In other words: you may have your eye on that gorgeous, Gothic bed from Restoration Hardware, but until you have an extra $2,000 floating around, your college model will do.
Even if you aren’t using everything from your college years, public storage may be a better option than tossing things out, or trying to overload what storage space you have.
“There is no sense cluttering up someone else’s space with items that do not belong,” JoEllen explained. “Large items such as furniture, storage tubs with off season clothing, and kitchen essentials are items that can be safely stored in a unit.”
3. Fight FOMO (fear of missing out). Mom and dad are moving. They don’t want to tote your teenage bedroom’s worth of memorabilia to their new place out West. You don’t want to see your fondest memories end up in a dumpster because your first apartment is the size of a matchbox.
Time to ask yourself some hard questions. How many of these mementos are truly special, and how many are…well…junk? Full disclosure — this is coming from someone who held onto her old high school and college notebooks for years.
“Many parents have already made a transition to a smaller home, and want to pass along specific things to their son or daughter, but there is no room in their home, and the young adult has not yet become established and has no room,” JoEllen said. “We see this all the time, and are currently helping a family prepare their home for sale so they can downsize. The bedrooms of the home are currently cluttered with books, leftover dorm room items, and outgrown clothes. The items will be stored in a unit until a time when they have a large enough place of their own.”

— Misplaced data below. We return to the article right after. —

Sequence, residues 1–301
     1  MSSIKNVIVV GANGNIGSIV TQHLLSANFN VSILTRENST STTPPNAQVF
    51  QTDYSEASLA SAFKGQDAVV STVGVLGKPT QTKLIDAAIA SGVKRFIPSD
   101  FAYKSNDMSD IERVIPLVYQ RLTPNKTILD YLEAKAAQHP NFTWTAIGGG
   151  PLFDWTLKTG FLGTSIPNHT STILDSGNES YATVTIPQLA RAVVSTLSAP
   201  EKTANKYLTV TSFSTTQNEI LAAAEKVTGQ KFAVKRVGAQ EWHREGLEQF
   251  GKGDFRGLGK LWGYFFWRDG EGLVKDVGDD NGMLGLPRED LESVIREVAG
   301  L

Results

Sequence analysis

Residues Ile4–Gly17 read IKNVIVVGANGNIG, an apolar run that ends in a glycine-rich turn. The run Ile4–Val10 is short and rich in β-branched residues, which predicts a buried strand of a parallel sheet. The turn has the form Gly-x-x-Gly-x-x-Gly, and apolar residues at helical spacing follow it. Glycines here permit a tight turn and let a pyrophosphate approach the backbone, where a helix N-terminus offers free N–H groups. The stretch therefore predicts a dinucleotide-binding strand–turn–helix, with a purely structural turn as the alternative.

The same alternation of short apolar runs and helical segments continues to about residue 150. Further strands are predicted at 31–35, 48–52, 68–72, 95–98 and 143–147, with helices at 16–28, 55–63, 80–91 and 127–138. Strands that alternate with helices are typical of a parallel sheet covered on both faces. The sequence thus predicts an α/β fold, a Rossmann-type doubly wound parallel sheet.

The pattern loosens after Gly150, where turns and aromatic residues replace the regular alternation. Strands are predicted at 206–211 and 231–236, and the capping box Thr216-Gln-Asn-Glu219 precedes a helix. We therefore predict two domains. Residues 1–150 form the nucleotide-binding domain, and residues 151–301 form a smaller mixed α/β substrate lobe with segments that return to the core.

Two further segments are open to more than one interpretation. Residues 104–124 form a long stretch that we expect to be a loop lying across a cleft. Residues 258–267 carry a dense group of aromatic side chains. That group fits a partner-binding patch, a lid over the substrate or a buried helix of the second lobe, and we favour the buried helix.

4. Simplify. Make no mistake, college grad — it is easier to organize your items once when you move them into a storage unit, rather than moving them and organizing them every time you switch locations. When you get a storage rental, get organized and you’ll find it’s easy to retrieve your items in the future.
“If possible, utilize boxes and storage tubs of similar size for easy stacking,” JoEllen advised. “We like banker’s boxes and plastic tubs that are not too large. Be sure to identify what is in each container by using a marker or labels. Shelving is also a good idea for ease of retrieval.”
5. Make sure the heat is on (or off). Temperature shouldn’t scare you away from storage. There are ways to make sure nothing melts, freezes, or gets ruined by humidity.
“Depending on what is stored in a unit, the climate controlled self storage option is important to avoid extremes in temperature,” JoEllen said. “This will protect the items that are stored there. If items are stored in a climate with snowy winters, the climate controlled unit will be important for access, and comfort when retrieving the stored items.”
Best of luck, college grads. You have a lot to look forward to in the years ahead. Just make sure your past isn’t crammed into your closets.
MONTHLY HOME INSPIRATION